The Greatest Speech Justice Clarence Thomas Almost Didn't Give

Seven years into his term as an Associate Justice on the United States Supreme Court, Justice Clarence Thomas accepted an invitation from the National Bar Association, the nation's largest association of Black attorneys, to address the group's annual conference. But a month before he was scheduled to speak, he was disinvited. According to the New York Times, the offer was tendered by Justice Bernette J. Johnson of the Louisiana Supreme Court, who was then head of the association's judicial council. The Times wrote that when the 25-member Board learned of the invitation it "provoked a strong reaction," leading members of the board to disinvite Thomas.

Justice Thomas wasn't having it. He went anyway.

From the Times:

Senior members of the National Bar Association...have said Justice Thomas has told them he expects to give his speech that day and does not accept the legitimacy of the letter disinviting him.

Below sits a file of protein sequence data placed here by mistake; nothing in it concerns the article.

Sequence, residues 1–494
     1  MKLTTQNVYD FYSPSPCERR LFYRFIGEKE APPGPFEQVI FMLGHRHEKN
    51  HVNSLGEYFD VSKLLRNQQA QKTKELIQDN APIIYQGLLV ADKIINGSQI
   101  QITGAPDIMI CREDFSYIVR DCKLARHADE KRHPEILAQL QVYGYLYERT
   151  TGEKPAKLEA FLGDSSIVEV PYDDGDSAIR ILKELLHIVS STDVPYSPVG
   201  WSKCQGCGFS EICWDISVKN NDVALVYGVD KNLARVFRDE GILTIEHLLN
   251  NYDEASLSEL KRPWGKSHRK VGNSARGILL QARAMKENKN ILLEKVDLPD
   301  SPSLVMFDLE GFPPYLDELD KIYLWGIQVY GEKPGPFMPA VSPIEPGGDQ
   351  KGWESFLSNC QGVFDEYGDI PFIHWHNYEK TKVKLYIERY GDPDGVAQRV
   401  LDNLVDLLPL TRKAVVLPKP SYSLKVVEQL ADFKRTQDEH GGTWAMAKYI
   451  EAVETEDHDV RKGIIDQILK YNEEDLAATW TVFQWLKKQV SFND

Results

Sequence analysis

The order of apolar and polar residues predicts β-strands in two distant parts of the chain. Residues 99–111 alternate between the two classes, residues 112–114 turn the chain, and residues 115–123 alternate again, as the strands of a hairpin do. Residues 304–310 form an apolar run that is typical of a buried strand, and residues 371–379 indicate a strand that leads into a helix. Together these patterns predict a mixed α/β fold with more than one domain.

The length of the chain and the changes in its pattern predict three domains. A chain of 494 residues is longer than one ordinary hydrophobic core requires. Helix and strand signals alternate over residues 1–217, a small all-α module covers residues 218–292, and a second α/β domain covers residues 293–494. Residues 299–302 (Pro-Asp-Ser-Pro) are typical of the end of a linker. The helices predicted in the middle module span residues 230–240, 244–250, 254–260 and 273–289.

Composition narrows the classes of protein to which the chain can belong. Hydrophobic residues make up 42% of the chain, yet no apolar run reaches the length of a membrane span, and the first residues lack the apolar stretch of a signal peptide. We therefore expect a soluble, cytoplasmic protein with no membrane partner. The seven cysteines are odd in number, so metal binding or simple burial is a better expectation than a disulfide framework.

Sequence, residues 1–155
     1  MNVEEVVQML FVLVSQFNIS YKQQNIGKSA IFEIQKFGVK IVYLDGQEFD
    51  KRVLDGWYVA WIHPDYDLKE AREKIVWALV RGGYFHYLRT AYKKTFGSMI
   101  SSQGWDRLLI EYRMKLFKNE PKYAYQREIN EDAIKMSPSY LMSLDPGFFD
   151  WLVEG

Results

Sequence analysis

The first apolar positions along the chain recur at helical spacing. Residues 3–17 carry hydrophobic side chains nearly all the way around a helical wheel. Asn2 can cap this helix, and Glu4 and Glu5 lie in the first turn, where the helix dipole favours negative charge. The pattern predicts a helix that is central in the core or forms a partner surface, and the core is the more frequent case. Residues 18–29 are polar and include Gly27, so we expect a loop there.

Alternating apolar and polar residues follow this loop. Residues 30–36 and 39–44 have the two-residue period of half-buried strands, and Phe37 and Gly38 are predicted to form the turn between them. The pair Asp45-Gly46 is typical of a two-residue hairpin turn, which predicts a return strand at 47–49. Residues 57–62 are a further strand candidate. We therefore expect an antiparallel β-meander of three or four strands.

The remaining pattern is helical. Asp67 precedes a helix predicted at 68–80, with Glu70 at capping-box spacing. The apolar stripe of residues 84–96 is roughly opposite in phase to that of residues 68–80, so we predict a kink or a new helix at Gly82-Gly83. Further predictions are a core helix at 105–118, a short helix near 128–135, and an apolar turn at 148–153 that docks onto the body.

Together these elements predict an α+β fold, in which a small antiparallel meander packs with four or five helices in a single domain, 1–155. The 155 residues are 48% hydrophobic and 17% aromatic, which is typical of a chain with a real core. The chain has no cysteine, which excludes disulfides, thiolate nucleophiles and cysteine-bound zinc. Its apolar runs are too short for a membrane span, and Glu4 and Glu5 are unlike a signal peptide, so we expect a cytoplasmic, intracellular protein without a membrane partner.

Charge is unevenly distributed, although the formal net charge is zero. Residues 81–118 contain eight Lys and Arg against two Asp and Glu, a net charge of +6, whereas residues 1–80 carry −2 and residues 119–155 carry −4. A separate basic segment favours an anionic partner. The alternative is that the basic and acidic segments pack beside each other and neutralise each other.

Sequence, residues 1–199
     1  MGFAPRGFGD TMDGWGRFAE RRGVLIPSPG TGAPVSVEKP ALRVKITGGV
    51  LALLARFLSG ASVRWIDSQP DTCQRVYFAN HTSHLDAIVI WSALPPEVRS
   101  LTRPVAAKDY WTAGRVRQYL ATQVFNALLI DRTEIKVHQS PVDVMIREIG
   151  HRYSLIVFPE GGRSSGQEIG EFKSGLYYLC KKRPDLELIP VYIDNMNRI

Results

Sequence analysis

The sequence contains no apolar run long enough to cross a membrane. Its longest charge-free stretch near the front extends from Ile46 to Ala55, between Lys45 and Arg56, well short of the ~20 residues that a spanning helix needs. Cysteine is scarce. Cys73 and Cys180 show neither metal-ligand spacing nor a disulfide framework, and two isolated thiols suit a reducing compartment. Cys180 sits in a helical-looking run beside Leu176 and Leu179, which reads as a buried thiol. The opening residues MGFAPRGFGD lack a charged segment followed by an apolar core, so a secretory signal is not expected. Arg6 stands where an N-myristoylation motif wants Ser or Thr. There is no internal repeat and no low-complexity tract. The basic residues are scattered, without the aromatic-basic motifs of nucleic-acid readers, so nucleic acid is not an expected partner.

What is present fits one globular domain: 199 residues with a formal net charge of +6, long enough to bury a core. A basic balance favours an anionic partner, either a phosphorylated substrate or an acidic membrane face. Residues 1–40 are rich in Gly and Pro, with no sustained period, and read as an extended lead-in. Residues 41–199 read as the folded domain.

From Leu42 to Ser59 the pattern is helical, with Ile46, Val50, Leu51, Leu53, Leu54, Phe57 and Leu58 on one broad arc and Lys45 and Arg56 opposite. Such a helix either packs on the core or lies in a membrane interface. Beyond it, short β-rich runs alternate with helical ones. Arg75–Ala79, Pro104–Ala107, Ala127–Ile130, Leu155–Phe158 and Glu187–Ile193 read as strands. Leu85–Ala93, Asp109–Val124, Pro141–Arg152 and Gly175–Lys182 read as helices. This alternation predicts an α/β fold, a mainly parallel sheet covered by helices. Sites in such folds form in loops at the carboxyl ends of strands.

The members, who spoke on the condition of anonymity, said Justice Thomas had told them he was undeterred by a letter he received this month withdrawing the invitation because the people who wrote it were not those who first invited him.

In honor of Black History Month, we share highlights from the speech Justice Thomas' almost didn't give in Memphis on July 29, 1998. In it, he spoke of overcoming abject poverty in the segregated South and his struggle to control the "rage, anger, and resentment" that ate away at him in the years following the assassination of Dr. Martin Luther King, Jr. He explained the journey that led him to champion individual identity over the politics of group identity.

The summer of 1971 was perhaps one of the most difficult of my life. It was clear to me that the road to destruction was paved with anger, resentment and rage. But where were we to go? I would often spend hours in our small efficiency apartment in New Haven pondering this question and listening to Marvin Gaye’s then new album, “What’s Going On?”

To say the least, it was a depressing summer. What were we to do? What’s going on?